The two-wire stepping circuit is shown in Figure 6. The circuits of unipolar motors and bipolar motors are the same, except for the centerline of unipolar motors: Figure 7. Schematic diagram of a unipolar stepper motor, connected to H-bridge and Arduino, in a two-wire configuration. Figure 8. Experimental board view of an L293D H-bridge connected to Arduino, used to drive a stepper motor, 2-wire

The bipolar stepping two-wire circuit is shown in Figure 7: Figure 9. Schematic diagram of bipolar stepper motor connected to H-bridge and Arduino two-wire version. Figure 10. Experimental board diagram of bipolar stepper motor connected to H-bridge and Arduino 2-wire structure.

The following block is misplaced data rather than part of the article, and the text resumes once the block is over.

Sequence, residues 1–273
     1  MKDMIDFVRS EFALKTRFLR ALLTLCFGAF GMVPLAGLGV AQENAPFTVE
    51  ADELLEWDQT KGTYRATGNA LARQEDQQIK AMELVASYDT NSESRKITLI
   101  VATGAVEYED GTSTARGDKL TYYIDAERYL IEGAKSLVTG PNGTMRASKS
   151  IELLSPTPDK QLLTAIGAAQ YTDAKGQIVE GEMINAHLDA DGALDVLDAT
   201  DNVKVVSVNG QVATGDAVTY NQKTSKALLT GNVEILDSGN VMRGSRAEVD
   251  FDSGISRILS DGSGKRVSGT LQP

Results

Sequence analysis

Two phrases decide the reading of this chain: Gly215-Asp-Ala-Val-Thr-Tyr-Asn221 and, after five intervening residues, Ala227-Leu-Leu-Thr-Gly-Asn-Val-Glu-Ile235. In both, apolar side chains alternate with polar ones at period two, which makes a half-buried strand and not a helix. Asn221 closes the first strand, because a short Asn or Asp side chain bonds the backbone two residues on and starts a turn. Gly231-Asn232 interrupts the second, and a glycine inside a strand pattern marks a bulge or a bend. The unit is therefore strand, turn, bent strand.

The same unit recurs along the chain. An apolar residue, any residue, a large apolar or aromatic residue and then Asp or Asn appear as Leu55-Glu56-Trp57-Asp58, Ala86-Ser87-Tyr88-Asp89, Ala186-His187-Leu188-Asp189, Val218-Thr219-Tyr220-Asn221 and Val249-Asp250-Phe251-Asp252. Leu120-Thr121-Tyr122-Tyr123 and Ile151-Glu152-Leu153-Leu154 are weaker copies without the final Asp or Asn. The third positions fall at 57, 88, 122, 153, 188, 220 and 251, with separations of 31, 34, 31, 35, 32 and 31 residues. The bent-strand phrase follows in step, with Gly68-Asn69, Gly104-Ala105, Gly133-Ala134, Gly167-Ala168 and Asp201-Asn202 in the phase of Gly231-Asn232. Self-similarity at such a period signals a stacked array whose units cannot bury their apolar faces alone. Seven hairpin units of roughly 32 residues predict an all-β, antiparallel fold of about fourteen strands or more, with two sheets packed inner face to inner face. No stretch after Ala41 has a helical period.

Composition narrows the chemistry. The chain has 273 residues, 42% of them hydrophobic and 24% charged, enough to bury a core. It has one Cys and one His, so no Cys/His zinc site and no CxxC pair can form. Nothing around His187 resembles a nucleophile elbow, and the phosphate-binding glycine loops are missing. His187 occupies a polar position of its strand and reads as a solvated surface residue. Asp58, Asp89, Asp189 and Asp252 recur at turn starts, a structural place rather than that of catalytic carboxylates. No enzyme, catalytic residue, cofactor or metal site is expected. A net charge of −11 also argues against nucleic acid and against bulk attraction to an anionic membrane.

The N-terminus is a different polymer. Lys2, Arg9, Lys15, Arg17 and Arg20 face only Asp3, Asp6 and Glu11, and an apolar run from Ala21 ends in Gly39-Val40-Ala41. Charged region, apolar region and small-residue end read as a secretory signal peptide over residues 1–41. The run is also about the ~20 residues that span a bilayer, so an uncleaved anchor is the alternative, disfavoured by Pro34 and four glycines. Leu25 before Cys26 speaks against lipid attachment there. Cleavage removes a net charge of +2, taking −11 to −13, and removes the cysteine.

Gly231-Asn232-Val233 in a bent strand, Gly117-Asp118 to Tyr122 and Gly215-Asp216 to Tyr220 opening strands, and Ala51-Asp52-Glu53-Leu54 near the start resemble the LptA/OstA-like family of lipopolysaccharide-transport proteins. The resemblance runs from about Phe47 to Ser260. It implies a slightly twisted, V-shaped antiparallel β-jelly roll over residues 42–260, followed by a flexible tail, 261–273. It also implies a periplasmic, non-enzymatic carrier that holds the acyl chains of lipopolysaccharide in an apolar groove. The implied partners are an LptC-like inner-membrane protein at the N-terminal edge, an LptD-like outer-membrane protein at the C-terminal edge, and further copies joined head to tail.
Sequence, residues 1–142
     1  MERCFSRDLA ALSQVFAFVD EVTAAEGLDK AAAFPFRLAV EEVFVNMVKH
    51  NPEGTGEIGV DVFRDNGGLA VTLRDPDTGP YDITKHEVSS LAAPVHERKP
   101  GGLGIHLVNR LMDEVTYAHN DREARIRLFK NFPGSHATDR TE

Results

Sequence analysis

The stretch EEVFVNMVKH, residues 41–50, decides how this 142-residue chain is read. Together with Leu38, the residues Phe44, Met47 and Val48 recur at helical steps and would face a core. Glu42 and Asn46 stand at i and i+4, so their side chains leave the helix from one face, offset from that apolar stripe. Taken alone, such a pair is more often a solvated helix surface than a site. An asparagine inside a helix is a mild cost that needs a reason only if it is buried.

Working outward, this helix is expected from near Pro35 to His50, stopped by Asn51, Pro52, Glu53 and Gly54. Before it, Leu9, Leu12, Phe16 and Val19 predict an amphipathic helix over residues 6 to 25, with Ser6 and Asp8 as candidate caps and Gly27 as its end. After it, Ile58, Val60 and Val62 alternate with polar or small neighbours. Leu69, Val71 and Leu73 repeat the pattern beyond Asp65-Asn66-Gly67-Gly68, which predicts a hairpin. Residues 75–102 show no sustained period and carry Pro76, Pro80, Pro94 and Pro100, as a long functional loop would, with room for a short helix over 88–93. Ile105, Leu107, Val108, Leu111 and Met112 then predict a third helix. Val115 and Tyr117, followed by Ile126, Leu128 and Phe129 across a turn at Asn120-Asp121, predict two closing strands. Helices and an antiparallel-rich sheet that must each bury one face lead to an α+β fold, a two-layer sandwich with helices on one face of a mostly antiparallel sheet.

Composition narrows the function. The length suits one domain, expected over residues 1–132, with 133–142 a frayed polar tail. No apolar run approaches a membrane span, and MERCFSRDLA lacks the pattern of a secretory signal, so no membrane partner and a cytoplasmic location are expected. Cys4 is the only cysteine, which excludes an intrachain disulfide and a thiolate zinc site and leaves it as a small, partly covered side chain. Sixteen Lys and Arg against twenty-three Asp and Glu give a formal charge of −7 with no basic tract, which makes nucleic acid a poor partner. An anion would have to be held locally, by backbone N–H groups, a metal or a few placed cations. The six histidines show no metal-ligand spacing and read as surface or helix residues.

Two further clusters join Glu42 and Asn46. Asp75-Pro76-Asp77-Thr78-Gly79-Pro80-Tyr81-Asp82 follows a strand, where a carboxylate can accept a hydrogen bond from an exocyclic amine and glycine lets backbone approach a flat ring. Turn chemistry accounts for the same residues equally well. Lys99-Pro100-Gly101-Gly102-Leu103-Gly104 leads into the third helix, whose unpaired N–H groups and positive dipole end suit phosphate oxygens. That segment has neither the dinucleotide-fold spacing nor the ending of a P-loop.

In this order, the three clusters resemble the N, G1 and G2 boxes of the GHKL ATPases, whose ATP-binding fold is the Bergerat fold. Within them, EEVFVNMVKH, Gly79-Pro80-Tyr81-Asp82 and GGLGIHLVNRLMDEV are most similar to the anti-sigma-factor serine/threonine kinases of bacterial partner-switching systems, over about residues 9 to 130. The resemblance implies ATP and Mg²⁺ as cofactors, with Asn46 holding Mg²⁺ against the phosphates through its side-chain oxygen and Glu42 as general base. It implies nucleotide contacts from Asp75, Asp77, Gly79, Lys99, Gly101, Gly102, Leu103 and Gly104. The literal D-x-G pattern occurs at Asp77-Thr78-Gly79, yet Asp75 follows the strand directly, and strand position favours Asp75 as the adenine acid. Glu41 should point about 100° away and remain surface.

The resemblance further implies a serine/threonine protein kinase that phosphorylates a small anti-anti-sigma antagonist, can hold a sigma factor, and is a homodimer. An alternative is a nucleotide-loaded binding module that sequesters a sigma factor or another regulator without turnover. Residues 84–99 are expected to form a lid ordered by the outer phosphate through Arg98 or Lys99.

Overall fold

The step sequence is the same as the step sequence of the above two middle conductors:

Step wire 1 wire 2

1 low high

2 high high

3 high low

4 low low

Singlechip programming and controlling stepper motor

Since both the unipolar stepper motor and the bipolar stepper motor are controlled by the same step sequence, similar code can be used for any configuration in the Arduino stepper motor controller, and only the initial pin configuration needs to be changed. For more information on programming stepper motor control, please refer to: Microcontroller Controlling Stepper Motors

How to control a stepper motor: The simplest way is to use a mature stepper motor controller on the market